Evidence that insulin-like growth factor-1 requires protein kinase C-ε, PI3-kinase and mitogen-activated protein kinase pathways to protect human vascular smooth muscle cells from apoptosis

Todd R. Allen, Kristopher D. Krueger, William J. Hunter, Devendra K. Agrawal

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Abstract

Insulin-like growth factor (IGF)-1 has been implicated in the development of occlusive vascular lesions. Although its role in vascular smooth muscle cell (VSMC) growth and migration are fairly well characterized, anti-apoptotic signals of IGF-1 in human VSMC remain largely unknown. In this study, we examined IGF-1 signals that protect human and rat VSMC from staurosporine (STAU)- and c-myc- induced apoptosis, respectively. Treatment with STAU resulted in apoptotic DNA fragmentation, phosphatidylserine externalization and cell shrinkage, but only occasional VSMC 'blebbing'. STAU-induced death and IGF-1-mediated survival were concentration dependent, while time-lapse video microscopy showed that IGF-1 inhibited c-myc-induced apoptosis by 90%. Pretreatment with mitogen-activated protein kinase/extracellular signal regulated kinase kinase (MEK) inhibitors UO126 and PD098059, or with the phosphatidylinositol 3-kinase (PI3-K) inhibitor wortmannin, reversed IGF-1-mediated human VSMC survival by 25-27% and 66%, respectively. Translocation studies showed that IGF-1 activated protein kinase C (PKC)-ε, but not PKC-α or PKC-δ, even in the presence of STAU, while pharmacological PKC inhibition (Ro-318220 or Go6976) implicated PKC-ζ or a novel PKC isozyme in IGF-1-mediated survival. Transient expression of activated PKC-ε but not activated PKC-ζ decreased myc-induced apoptosis in rat VSMC. In human VSMC, antisense oligodeoxynucleotides to PKC-ε partially reversed IGF-1-induced survival. In addition, IGF-1 elicited a mild but sustained activation of extracellular signal regulated kinase (ERK)1/2 in human VSMC that was abolished after 1 h in the presence of STAU. PKC downregulation reversed both IGF-1- and PMA-induced ERK activity, but platelet-derived growth factor (PDGF)-induced activity was unchanged. These results indicate for the first time that IGF-1 can protect human VSMC via multiple signals, including PKC-ε, PI3-K and mitogen-activated protein kinase pathways.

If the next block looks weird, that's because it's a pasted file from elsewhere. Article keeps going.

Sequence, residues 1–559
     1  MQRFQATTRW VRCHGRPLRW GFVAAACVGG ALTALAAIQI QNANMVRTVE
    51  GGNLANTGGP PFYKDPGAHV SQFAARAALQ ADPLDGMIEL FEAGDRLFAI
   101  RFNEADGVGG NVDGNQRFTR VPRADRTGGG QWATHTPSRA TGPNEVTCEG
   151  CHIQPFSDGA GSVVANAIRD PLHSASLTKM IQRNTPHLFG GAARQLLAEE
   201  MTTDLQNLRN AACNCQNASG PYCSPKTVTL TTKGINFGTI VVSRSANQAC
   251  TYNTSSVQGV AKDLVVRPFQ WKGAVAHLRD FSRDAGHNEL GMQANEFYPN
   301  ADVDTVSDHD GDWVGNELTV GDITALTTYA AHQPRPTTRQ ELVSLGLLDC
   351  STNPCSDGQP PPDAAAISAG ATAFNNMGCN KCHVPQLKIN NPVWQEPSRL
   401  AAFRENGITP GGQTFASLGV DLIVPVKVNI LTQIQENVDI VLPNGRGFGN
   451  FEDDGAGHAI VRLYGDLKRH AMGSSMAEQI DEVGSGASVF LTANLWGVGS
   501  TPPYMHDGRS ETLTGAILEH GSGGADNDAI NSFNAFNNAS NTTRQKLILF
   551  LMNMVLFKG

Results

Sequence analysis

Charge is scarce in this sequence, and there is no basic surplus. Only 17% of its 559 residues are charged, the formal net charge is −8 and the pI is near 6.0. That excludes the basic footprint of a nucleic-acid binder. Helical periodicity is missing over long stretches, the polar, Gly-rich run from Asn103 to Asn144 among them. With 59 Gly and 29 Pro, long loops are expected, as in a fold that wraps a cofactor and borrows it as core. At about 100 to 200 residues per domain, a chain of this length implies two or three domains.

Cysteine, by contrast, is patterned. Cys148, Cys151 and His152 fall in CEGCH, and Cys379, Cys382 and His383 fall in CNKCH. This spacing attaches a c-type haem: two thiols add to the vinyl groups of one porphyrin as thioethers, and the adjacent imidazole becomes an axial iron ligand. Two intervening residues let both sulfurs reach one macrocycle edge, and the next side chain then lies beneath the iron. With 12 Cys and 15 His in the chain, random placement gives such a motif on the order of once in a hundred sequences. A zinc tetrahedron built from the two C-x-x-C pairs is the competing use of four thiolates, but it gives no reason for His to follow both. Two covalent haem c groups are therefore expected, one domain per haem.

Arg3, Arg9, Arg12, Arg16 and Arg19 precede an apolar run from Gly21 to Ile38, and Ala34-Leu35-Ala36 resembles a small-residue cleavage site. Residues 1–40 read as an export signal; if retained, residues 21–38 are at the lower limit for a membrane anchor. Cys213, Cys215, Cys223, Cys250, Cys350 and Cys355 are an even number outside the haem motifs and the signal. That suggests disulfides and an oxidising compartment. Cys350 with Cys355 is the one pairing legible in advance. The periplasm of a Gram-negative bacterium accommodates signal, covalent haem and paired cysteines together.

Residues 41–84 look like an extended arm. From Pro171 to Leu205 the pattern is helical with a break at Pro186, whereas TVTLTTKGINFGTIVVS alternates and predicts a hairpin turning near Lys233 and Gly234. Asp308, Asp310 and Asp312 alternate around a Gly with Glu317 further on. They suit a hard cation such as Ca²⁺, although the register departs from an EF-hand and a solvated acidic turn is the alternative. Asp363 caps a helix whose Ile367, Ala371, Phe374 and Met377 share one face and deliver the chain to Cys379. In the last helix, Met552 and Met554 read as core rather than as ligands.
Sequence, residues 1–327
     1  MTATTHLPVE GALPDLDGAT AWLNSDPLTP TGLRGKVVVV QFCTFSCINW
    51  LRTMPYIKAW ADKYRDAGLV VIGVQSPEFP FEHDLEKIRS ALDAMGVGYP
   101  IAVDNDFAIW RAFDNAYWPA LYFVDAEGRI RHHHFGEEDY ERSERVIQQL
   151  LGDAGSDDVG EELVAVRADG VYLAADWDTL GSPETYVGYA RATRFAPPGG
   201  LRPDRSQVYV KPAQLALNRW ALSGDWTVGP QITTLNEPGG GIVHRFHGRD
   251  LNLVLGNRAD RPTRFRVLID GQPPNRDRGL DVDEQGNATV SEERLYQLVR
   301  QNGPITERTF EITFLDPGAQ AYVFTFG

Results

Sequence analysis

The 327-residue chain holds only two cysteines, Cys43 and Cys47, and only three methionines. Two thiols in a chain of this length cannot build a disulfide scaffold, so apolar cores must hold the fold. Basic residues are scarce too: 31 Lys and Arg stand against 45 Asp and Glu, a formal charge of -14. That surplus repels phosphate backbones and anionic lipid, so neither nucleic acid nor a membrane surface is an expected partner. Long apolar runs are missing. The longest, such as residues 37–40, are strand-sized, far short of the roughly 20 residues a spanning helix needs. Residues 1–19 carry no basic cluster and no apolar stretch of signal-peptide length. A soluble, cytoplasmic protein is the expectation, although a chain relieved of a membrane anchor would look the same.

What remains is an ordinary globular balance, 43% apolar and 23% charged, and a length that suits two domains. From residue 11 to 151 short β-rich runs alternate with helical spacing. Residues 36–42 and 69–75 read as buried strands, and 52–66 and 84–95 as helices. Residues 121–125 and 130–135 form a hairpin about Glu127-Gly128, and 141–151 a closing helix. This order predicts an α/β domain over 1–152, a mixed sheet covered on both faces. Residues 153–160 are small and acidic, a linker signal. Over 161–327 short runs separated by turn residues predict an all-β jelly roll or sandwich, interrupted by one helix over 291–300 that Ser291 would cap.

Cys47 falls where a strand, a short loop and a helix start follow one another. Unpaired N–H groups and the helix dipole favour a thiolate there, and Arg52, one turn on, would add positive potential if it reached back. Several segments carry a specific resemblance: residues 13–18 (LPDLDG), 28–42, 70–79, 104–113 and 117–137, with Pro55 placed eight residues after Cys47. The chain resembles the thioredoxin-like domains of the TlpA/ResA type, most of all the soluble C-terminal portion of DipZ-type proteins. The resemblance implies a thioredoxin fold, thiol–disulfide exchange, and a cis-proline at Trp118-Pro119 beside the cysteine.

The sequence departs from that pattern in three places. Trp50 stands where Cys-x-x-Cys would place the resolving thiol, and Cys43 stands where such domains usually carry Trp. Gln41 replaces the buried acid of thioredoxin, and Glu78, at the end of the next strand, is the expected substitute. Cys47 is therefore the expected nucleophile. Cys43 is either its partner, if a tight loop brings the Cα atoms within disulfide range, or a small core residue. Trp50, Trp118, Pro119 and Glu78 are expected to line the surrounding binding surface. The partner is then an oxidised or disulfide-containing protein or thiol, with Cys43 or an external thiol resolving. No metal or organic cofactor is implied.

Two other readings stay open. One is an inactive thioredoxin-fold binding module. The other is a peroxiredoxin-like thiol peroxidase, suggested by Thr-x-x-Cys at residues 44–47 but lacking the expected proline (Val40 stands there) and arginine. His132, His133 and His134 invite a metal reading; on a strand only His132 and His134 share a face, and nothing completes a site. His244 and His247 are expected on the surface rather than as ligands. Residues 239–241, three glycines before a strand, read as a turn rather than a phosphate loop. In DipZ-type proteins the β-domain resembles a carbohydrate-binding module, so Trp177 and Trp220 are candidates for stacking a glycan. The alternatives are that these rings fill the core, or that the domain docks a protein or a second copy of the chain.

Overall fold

Original languageEnglish
Pages (from-to)651-667
Number of pages17
JournalImmunology and Cell Biology
Volume83
Issue number6
DOIs
StatePublished - Dec 2005

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Somatomedins
Mitogen-Activated Protein Kinases
Phosphatidylinositol 3-Kinases
Vascular Smooth Muscle
Protein Kinase C
Smooth Muscle Myocytes
Muscle
Cells
Apoptosis
Staurosporine
Phosphatidylinositol 3-Kinase
Extracellular Signal-Regulated MAP Kinases
Survival
protein kinase C kinase
Rats
MAP Kinase Kinase Kinases
Video Microscopy
Mitogen-Activated Protein Kinase 3
Oligodeoxyribonucleotides
Mitogen-Activated Protein Kinase 1

All Science Journal Classification (ASJC) codes

  • Immunology
  • Clinical Biochemistry
  • Cell Biology

Cite this

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title = "Evidence that insulin-like growth factor-1 requires protein kinase C-ε, PI3-kinase and mitogen-activated protein kinase pathways to protect human vascular smooth muscle cells from apoptosis",
abstract = "Insulin-like growth factor (IGF)-1 has been implicated in the development of occlusive vascular lesions. Although its role in vascular smooth muscle cell (VSMC) growth and migration are fairly well characterized, anti-apoptotic signals of IGF-1 in human VSMC remain largely unknown. In this study, we examined IGF-1 signals that protect human and rat VSMC from staurosporine (STAU)- and c-myc- induced apoptosis, respectively. Treatment with STAU resulted in apoptotic DNA fragmentation, phosphatidylserine externalization and cell shrinkage, but only occasional VSMC 'blebbing'. STAU-induced death and IGF-1-mediated survival were concentration dependent, while time-lapse video microscopy showed that IGF-1 inhibited c-myc-induced apoptosis by 90{\%}. Pretreatment with mitogen-activated protein kinase/extracellular signal regulated kinase kinase (MEK) inhibitors UO126 and PD098059, or with the phosphatidylinositol 3-kinase (PI3-K) inhibitor wortmannin, reversed IGF-1-mediated human VSMC survival by 25-27{\%} and 66{\%}, respectively. Translocation studies showed that IGF-1 activated protein kinase C (PKC)-ε, but not PKC-α or PKC-δ, even in the presence of STAU, while pharmacological PKC inhibition (Ro-318220 or Go6976) implicated PKC-ζ or a novel PKC isozyme in IGF-1-mediated survival. Transient expression of activated PKC-ε but not activated PKC-ζ decreased myc-induced apoptosis in rat VSMC. In human VSMC, antisense oligodeoxynucleotides to PKC-ε partially reversed IGF-1-induced survival. In addition, IGF-1 elicited a mild but sustained activation of extracellular signal regulated kinase (ERK)1/2 in human VSMC that was abolished after 1 h in the presence of STAU. PKC downregulation reversed both IGF-1- and PMA-induced ERK activity, but platelet-derived growth factor (PDGF)-induced activity was unchanged. These results indicate for the first time that IGF-1 can protect human VSMC via multiple signals, including PKC-ε, PI3-K and mitogen-activated protein kinase pathways.",